connecting points for local systems, eliminating the separate trunking feeds into the RDC,
said Steve Zan Beaver, senior vice president for operations.

The first such OC-48 (2.5 gigabits per second) ring went
into operation in New York state last year, linking systems in the Birmingham, Syracuse
and Rochester areas.

"So far, we're holding our own," Zan Beaver said,
in reference to avoiding major service problems. The key to doing so, he added, is to
build a "fudge factor" into projected subcriber estimates so that the network
stays ahead of the growth curve.

Proactive steps underway at Road Runner include: ordering
of DS3 (45 megabits per second) trunks from transport vendors well ahead of anticipated
needs for such capacity; expansion of system server capacities ahead of growth estimates;
and creation of a network operations center near the company's new headquarters in
Herndon, Va.

The new NOC, now in temporary quarters, provides operations
managers monitoring information covering all affiliates to the headends, instantly
signaling trouble spots at any point along the way, Zan Beaver said.

Zan Beaver stressed that while Road Runner faces many of
the same issues @Home does, it has not had the same volume of customer complaints to deal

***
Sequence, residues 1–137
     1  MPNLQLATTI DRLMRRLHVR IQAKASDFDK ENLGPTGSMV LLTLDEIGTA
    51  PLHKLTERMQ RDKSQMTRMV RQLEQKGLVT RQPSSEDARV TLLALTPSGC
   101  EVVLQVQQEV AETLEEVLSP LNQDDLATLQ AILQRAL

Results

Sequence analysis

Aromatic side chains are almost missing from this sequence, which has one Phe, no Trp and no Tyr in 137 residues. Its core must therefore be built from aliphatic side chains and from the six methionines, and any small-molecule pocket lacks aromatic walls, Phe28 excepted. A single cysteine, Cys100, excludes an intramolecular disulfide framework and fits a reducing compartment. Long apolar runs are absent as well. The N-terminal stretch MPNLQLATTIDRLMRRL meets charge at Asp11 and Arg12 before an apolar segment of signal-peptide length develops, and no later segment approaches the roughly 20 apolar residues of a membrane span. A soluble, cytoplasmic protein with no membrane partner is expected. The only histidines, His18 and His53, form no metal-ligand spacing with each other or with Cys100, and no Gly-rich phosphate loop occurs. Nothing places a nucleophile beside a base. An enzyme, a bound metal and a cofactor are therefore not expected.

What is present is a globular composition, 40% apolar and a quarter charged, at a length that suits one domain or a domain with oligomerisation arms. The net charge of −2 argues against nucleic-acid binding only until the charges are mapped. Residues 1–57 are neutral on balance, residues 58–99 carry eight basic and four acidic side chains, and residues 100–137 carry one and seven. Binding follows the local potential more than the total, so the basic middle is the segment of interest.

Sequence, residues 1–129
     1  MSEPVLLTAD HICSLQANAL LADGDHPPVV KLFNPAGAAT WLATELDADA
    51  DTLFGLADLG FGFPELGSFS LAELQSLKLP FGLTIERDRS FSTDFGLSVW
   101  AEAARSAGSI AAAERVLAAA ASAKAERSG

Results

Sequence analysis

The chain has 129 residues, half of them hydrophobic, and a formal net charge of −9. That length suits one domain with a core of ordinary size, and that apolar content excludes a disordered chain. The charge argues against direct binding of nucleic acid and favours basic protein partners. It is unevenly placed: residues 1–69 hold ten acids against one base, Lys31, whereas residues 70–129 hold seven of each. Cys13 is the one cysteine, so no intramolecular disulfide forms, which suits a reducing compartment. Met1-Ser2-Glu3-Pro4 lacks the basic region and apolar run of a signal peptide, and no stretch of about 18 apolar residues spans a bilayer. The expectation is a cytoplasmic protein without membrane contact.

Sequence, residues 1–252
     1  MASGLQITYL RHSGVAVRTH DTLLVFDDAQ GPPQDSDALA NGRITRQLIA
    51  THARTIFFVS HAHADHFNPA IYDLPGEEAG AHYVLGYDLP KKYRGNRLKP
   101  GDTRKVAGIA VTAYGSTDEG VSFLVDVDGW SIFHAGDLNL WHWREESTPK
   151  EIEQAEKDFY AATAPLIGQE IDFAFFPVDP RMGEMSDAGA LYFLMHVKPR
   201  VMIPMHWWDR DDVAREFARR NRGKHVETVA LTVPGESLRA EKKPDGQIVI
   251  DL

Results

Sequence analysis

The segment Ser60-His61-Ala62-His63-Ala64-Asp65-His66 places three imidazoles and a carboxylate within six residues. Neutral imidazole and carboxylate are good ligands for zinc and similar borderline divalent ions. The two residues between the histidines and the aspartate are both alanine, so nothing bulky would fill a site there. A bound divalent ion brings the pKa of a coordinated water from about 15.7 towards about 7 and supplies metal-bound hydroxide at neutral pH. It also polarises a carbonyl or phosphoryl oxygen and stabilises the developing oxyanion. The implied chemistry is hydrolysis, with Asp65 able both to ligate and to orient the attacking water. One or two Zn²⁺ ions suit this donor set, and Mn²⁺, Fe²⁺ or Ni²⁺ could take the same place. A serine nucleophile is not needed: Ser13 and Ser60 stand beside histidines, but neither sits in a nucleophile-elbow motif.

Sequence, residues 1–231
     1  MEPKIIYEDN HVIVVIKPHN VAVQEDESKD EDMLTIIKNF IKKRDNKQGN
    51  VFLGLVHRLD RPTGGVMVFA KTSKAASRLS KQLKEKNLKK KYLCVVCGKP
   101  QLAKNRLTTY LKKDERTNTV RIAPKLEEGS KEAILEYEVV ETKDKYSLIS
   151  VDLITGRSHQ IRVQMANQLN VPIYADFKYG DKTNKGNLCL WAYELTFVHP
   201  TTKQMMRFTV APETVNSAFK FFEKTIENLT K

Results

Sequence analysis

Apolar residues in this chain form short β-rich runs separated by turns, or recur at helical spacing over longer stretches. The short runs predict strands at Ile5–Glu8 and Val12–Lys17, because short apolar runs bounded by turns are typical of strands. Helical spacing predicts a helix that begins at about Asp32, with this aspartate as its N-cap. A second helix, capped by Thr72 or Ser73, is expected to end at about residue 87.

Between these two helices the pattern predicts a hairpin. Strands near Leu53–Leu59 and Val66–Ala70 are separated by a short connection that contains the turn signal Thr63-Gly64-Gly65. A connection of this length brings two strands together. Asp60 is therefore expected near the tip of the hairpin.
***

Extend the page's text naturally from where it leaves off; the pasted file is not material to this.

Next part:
with. That assertion is seemingly confirmed by the recent evidence of online complaints
circulating over the Web and the local and national press reports that have largely
focused on @Home.

In part, Zan Beaver said, this difference reflects the
aggressive pro-active steps Road Runner has taken and in part it reflects that @Home is
serving many more MSOs and, therefore, a wider range of local networking environments and
operating procedures.

Speaking privately, an @Home official acknowledged that it
is much more difficult dealing with the operating conditions at some cable companies than
at others.

"You look at Comcast, Cox, for example, we're just not
having the problems with them that we're having with some of the other companies," he

But no matter what the local operating situation might be,
it's clear that the cable industry is going to have to be aggressive in staying ahead of
the rapid growth of its data subscriber base. In an environment where the tools in
subscribers hands together with the types of content and applications offered by
innovators over the Web are constantly changing, the scaling challenge only gets more
multidimensional over time.